Trump’s order impacts dozens of NMSU students and employees

Dozens of New Mexico State University students and employees are impacted by President Donald Trump’s executive order that closes the door to people trying to enter the United States from seven nations.

NMSU sign

Heath Haussamen / NMPolitics.net

The New Mexico State University sign at the corner of Union Avenue and Sam Steele Way in Las Cruces.

And in a Sunday memo to the NMSU community, Chancellor Garrey Carruthers pledged “to monitor this situation and advocate at all levels for a solution that protects all of our students, faculty, and staff.”

After people trying to enter or re-enter the United States were detained, and in some cases, turned back at the nation’s airports over the weekend, Carruthers wrote that the university is advising NMSU community members from the affected nations “not to leave the United States, even if you are a permanent resident of the United States, because it is unclear when you might be able to return.”

While judges have issued temporary injunctions against deporting people from the affected nations who try to enter the United States while the legality of the order is resolved, “that does not necessarily ensure that others traveling abroad will be allowed to return to the U.S., nor whether those who arrived in the U.S. after imposition of the ban will remain in detention,” Carruthers wrote.

Sixty-five students from the affected nations currently attend NMSU, spokesman Justin Bannister said. They include 49 citizens of Iran, nine citizens of Libya, four citizens of Iraq and three citizens of Yemen. All but seven are graduate students. Three are students at Doña Ana Community College.

Two NMSU faculty members with visas and foreign passports are affected, Bannister said. Five other employees — three faculty members and two staff members — are legal permanent residents from nations listed in Trump’s executive order. Bannister didn’t identify the nationalities of the affected employees.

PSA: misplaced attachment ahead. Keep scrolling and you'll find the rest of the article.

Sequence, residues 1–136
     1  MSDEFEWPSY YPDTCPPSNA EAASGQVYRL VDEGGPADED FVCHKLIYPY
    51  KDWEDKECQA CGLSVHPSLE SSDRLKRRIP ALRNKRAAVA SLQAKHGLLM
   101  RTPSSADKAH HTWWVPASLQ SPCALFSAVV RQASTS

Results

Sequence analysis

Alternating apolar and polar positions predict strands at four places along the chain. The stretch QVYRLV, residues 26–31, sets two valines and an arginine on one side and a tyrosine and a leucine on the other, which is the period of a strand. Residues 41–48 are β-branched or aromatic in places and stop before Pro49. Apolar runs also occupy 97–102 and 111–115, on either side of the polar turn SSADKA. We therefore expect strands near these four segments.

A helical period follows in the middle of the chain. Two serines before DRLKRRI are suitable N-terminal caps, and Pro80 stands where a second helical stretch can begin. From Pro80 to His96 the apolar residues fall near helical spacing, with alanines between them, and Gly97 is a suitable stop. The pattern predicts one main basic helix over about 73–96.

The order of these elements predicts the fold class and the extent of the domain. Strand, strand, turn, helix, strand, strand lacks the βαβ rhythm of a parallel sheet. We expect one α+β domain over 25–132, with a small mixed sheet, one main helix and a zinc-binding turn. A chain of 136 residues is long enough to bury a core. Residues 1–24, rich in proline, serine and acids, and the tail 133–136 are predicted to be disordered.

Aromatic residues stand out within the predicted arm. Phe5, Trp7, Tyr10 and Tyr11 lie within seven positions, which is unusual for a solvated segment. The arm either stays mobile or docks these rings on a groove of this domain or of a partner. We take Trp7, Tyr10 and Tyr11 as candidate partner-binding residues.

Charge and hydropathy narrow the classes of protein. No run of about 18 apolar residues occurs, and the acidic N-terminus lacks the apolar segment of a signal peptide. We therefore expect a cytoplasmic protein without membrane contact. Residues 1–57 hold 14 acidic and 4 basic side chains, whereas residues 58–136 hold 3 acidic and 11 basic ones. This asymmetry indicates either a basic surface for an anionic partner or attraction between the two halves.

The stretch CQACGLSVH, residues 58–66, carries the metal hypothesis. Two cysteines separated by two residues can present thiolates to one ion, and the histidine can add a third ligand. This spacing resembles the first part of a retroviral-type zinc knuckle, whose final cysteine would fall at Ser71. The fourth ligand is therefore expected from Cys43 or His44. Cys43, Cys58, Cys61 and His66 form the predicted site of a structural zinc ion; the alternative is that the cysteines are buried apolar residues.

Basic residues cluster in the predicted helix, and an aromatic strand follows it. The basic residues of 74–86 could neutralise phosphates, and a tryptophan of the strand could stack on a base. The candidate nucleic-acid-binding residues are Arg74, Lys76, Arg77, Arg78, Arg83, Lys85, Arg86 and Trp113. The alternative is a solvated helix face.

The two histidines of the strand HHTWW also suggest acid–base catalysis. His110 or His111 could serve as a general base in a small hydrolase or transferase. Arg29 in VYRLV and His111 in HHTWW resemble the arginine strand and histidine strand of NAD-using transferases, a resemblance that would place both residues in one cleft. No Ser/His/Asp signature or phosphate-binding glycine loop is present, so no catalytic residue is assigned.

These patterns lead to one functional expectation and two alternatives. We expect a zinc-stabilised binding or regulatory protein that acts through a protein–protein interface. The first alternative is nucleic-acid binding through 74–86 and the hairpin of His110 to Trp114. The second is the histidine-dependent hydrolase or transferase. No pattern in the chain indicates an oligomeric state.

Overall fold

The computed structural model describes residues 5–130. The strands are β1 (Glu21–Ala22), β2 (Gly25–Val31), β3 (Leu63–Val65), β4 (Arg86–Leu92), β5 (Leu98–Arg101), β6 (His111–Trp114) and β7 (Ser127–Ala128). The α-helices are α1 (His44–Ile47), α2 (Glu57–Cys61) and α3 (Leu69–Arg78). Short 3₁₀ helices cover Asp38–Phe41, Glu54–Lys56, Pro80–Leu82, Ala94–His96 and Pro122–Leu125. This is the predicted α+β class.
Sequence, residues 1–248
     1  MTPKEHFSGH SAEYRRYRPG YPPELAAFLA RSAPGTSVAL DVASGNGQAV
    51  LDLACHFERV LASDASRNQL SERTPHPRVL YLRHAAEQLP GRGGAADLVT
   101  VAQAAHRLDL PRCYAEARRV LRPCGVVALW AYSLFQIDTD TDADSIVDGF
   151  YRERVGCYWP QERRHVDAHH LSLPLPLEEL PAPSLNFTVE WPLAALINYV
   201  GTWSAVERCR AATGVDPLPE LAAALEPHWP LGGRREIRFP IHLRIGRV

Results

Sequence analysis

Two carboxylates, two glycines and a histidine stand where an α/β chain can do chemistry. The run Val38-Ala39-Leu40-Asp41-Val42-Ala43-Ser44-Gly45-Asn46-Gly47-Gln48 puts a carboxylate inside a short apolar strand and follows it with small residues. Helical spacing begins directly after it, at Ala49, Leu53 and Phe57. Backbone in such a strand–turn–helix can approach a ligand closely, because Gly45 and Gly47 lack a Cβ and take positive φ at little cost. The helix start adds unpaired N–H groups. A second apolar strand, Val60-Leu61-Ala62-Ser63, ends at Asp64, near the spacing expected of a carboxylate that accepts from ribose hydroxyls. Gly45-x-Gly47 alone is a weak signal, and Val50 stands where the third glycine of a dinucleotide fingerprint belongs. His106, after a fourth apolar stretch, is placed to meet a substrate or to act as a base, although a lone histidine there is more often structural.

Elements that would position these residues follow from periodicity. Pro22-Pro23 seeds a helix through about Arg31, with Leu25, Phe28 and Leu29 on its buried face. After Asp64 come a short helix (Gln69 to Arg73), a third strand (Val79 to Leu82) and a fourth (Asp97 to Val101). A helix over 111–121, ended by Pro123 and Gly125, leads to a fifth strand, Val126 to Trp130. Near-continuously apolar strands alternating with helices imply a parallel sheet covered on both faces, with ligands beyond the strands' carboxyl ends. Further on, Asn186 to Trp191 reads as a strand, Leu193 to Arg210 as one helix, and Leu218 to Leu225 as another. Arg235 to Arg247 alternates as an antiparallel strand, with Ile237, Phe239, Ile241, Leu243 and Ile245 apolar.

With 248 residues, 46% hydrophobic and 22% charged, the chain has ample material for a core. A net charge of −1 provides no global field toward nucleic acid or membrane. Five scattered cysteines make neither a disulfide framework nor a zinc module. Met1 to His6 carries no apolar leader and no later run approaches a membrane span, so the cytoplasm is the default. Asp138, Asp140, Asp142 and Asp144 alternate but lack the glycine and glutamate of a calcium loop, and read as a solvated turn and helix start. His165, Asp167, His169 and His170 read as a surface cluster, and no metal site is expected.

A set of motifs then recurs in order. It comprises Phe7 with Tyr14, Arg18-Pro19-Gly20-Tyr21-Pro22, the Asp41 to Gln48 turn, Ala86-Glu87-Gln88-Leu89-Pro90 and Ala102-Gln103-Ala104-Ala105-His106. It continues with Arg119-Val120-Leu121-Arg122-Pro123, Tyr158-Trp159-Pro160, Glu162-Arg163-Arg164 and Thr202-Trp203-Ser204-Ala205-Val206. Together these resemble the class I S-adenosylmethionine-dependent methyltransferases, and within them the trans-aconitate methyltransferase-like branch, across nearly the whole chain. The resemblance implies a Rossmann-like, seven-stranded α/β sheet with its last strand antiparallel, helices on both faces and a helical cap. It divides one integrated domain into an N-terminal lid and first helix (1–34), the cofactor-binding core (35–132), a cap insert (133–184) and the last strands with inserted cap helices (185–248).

Whether the students and employees have green cards, making them legal permanent residents of the United States, or visas and temporary permission to enter the United States, may matter. Initially, after Trump signed the order on Friday, federal agents were detaining even green-card holders who have lived in the United States for years. At least some were eventually released into the United States.

There’s been no indication that visa holders are getting the same consideration rather than being denied entry into the country. Bannister didn’t have statistics for the affected students but said the vast majority of NMSU’s international students are in the United States on student visas, not green cards.

Over the weekend journalists across the nation told stories about people who were detained and, in some instances, turned back because of Trump’s order. Bannister said the university hasn’t been notified of “any specific issues” related to NMSU students or employees from the affection nations.

Meanwhile, N.M. Attorney General Hector Balderas joined 15 other state attorneys general on Sunday in denouncing Trump’s executive order as “unconstitutional, un-American and unlawful.” They pledged to “work together to ensure the federal government obeys the Constitution, respects our history as a nation of immigrants, and does not unlawfully target anyone because of their national origin or faith.”

“We are confident that the executive order will ultimately be struck down by the courts,” the attorneys general said in a prepared statement. “In the meantime, we are committed to working to ensure that as few people as possible suffer from the chaotic situation that it has created.”

NMSU has created a website to share information about Trump’s order and NMSU’s response with the university community.

NMSU has a large international community — many of them Mexicans, who get discounted tuition but whose nation’s relationship with the United States is currently tumultuous. Asked if NMSU is preparing for the possibility of the ban being extended to other nations, Bannister said, “I’m not sure anyone knows what will happen next with this case, but we will continue to follow events closely and do what we can to support our students and employees.”

Another area of concern at NMSU is whether Trump will repeal former President Barack Obama’s executive order granting temporary legal status to some people brought here illegally as children. Carruthers has said NMSU won’t declare itself a sanctuary for immigrants without legal status or ban federal law enforcement officials from campus — though a group is pushing for NMSU to do just that.

Still, Carruthers, in his memo about Trump’s new executive order, mentioned university community members who have legal status because of the Obama Deferred Action for Childhood Arrivals (DACA) program.

“We are all Aggies, and the support we offer to members of the Aggie family is the same, no matter where a student or an employee was born, including students and employees who are in the Deferred Action for Childhood Arrivals (DACA) Program,” Carruthers wrote.

This BBSNews article was syndicated from NMPolitics.net, and written by Heath Haussamen, NMPolitics.net. Read the original article here.